Continue reading ‘Raced Memories’
THE EDITOR: Raymond Ramcharitar’s 21/9/11 piece on Africentrism [How to do the Afrocentric Hustle] was a shameless display of intellectual laziness and generalising with enough vitriol to hint at something I won’t even dignify here with a mention. Which is unfortunate because it took away from a message that contained some validity. There’re quite a few scholars, politicians, artistes and activists who exploit enslavement, colonialism and Euro-centred racism to excuse self-defeatist attitudes and who manipulate racial insecurities, narrow tribalism and ideas of entitlement to retard real self-development among Afro-Trinis.
Continue reading ‘Reply to Raymond Ramcharitar’s Africentrism’
8/7/2011 – barbadosadvocate.com
It saddens me to the core whenever I read articles such as the letter to the editor, written by Michael A Dingwall in the August 4 edition of this newspaper entitled ‘Black, but proud of what?’. If there is nothing for you to be proud of, maybe you should look in the mirror, and if you still cannot see anything to be proud of, do a little research into African history – there is plenty to know.
Continue reading ‘Modern science owes much to African civilisations’
Emancipation Day Special: Part 2
By Dr. Kwame Nantambu
July 26, 2011
Part 2 of this Emancipation Day Special focuses on the power dynamics between Trinbagonians of Indian descent versus the powerlessness of Trinbagonians of African descent. And this overt ethnic imbalance is real despite the current United Nations-sponsored year-long celebration.
Continue reading ‘Power versus powerlessness in T&T’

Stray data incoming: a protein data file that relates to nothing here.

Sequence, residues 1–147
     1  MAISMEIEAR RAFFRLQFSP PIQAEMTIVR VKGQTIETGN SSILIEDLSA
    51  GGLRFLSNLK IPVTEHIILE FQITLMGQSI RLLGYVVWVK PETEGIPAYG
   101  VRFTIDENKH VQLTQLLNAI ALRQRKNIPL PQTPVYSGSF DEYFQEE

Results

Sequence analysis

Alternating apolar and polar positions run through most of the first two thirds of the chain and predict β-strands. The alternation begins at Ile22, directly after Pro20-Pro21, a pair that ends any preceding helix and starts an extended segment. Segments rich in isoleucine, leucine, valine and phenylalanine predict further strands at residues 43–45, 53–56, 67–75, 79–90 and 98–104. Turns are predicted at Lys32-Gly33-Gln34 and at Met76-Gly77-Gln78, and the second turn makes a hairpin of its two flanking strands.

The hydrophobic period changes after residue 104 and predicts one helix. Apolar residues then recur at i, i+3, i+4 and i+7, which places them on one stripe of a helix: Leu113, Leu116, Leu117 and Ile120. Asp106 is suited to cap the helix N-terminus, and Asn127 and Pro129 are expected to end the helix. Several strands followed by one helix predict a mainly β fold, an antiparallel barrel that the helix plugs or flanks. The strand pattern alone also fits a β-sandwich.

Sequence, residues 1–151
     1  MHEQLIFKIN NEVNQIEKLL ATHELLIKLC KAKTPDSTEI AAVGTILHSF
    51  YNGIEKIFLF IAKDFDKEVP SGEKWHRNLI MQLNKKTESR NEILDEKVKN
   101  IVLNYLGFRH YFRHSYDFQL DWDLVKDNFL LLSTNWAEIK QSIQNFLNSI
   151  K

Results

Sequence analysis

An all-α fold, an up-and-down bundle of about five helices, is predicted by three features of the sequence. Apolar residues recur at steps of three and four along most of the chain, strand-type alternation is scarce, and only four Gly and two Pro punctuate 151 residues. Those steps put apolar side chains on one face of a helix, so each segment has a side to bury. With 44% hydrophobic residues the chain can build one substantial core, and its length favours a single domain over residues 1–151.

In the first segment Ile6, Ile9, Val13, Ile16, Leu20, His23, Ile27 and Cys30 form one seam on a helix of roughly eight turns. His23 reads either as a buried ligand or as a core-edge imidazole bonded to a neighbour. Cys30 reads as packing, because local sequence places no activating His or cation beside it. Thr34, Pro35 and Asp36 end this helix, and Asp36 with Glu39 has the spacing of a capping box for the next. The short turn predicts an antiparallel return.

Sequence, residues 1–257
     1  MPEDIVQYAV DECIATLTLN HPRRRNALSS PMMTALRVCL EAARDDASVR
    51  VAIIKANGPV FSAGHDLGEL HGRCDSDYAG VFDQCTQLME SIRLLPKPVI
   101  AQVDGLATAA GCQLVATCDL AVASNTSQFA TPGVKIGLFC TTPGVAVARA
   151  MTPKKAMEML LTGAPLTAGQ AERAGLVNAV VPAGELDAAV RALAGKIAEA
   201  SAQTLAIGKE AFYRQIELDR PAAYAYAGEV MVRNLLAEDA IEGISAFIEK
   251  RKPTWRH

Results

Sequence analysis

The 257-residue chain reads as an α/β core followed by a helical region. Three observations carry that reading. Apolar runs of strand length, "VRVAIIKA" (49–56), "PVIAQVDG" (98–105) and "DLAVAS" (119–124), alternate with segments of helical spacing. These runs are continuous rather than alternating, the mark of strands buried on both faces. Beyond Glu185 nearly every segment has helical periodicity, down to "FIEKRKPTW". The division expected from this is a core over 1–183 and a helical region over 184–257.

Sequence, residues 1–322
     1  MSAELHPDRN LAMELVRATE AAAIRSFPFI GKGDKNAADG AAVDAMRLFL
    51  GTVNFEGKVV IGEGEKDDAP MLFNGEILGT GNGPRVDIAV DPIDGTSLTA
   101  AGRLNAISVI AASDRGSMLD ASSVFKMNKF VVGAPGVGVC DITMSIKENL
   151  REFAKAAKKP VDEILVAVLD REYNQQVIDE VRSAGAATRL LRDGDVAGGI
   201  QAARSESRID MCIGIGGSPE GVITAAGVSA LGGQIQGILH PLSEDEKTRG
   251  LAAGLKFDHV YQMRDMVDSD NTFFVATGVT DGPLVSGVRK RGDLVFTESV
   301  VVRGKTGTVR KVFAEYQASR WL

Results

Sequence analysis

Emancipation Day Special: Part 1
By Dr. Kwame Nantambu
July 19, 2011
As T&T celebrates the United Nations-sponsored “International Year for People of African Descent,” it is a sine qua non to analyze/investigate the crucial reality of being Trinbagonian versus, albeit compared to, being of African descent in this Euro-centric environment.
The stark reality is that the ordinary Trinbagonian of African descent does not regard himself or herself as African. He/she is Trinbagonian, period.
Continue reading ‘Trinbagonian versus African Descent’
By Selwyn Ryan
August 15, 2010
I overheard someone complaining on a call-in programme during Emancipation week that people of African origin in Trinidad were a different breed from those in other islands of the Caribbean.
It was not clear whether the caller meant to say that the Trinis were a worse or a better breed. I think he meant that they were an inferior breed, since, like Prof Courtenay Bartholomew (Express, August 11) he had some critical things to say about us blacks here in Trinidad. The caller was however quite correct about Trinidad blacks being different from their Caribbean counterparts. Culture and cojuncture and not genetics were however responsible for the differences.
Continue reading ‘Emancipation: some creation myths’